Tax Relief

Austin Metropolis Council desires property tax decrease

AUSTIN (KXAN) – Austin City Council approved one proposal – and gave another initial approval – to relieve homeowners on property taxes Thursday.

The Council passed a regulation at first and second reading to increase the exemption of dormitories from city property tax from 10% to a maximum of 20% in accordance with the law of the country. An additional exemption for homeowners 65 and over or people with disabilities has also been approved, increasing the tax exemption from $ 88,000 to a maximum of $ 113,000.

Amid the housing shortage, Austin is trying to keep up with permits to build more

The average household saves $ 141 a year, according to staff at Austin Mayor Steve Adler.

“What we do know is that property tax at all levels is a tax that harms people in the low-wage sector more than in the upper sector because they pay a higher percentage of their income in real estate taxes than the richest,” Adler said. “City taxes are only a small part of the tax burden – around 20% – but we still have to do everything we can to work on that 20% and keep it as low as possible, and I think these exemptions can help with that. “.”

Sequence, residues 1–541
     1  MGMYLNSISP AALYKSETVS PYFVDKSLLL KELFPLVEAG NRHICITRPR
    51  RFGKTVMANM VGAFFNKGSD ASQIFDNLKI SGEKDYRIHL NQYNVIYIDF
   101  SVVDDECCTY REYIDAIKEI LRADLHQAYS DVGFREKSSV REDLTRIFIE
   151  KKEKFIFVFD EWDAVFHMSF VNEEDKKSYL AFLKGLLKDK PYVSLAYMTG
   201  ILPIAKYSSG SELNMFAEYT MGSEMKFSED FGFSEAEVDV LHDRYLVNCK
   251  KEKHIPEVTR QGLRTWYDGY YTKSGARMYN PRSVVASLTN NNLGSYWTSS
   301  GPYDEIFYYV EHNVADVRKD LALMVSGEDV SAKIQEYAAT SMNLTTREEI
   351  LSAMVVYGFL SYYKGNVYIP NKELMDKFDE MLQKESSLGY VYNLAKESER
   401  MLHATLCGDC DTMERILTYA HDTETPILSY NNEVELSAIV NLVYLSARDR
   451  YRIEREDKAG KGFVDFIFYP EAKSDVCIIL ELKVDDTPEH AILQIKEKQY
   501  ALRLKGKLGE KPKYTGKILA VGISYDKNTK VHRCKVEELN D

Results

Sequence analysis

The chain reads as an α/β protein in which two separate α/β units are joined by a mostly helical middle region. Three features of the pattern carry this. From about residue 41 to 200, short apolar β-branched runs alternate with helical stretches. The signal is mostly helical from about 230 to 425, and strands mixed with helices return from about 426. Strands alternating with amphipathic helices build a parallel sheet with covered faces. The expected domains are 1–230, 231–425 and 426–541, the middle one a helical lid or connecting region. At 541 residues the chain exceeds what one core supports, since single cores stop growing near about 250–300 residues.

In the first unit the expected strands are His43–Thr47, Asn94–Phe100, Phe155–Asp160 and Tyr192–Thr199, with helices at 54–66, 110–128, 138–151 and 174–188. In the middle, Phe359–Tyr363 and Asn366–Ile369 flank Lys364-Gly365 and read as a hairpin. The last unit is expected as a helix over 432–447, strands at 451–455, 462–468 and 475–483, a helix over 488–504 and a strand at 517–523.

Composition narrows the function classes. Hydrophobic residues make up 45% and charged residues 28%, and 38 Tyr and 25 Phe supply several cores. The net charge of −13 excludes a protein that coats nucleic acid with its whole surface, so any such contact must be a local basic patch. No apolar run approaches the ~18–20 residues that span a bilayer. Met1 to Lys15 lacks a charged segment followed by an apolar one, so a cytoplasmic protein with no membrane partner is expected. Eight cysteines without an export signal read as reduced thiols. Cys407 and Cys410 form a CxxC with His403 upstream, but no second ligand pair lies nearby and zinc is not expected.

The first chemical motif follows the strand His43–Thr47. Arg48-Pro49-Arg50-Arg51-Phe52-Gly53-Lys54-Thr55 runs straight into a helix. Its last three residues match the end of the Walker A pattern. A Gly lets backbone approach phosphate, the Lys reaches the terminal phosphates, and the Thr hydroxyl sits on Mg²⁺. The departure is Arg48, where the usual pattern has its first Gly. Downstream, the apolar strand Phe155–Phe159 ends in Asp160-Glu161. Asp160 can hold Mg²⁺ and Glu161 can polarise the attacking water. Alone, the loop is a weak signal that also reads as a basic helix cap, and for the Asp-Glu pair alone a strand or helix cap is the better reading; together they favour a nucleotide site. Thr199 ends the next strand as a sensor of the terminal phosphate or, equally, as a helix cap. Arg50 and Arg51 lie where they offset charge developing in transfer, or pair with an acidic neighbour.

Part of the tax burden will shift to commercial real estate and apartment buildings such as residential complexes. However, Adler said the additional annual cost of a unit is unlikely to exceed a few dollars.

An “Unprecedented” and “Perfect Storm”: Why Austin New Home Prices Soar

John Sheppard, an Austin real estate agent and homeowner, testified before the city council for the exemptions.

Annual property taxes on his south Austin home, which he and his wife bought more than 20 years ago, exceed $ 6,000 a year.

“I’m just trying to stay in the neighborhood,” said Sheppard. “It will be very difficult, especially (because of) the taxes.”

Sheppard is grateful that city guides are paying attention to the issue, but said state lawmakers have a responsibility to address rising property taxes – the city’s homestead exemption is capped at 20% under state law.

“There are all kinds of incentives for people to move to Austin. Can we find a reason to help people stay in Austin?” he said.

Related Articles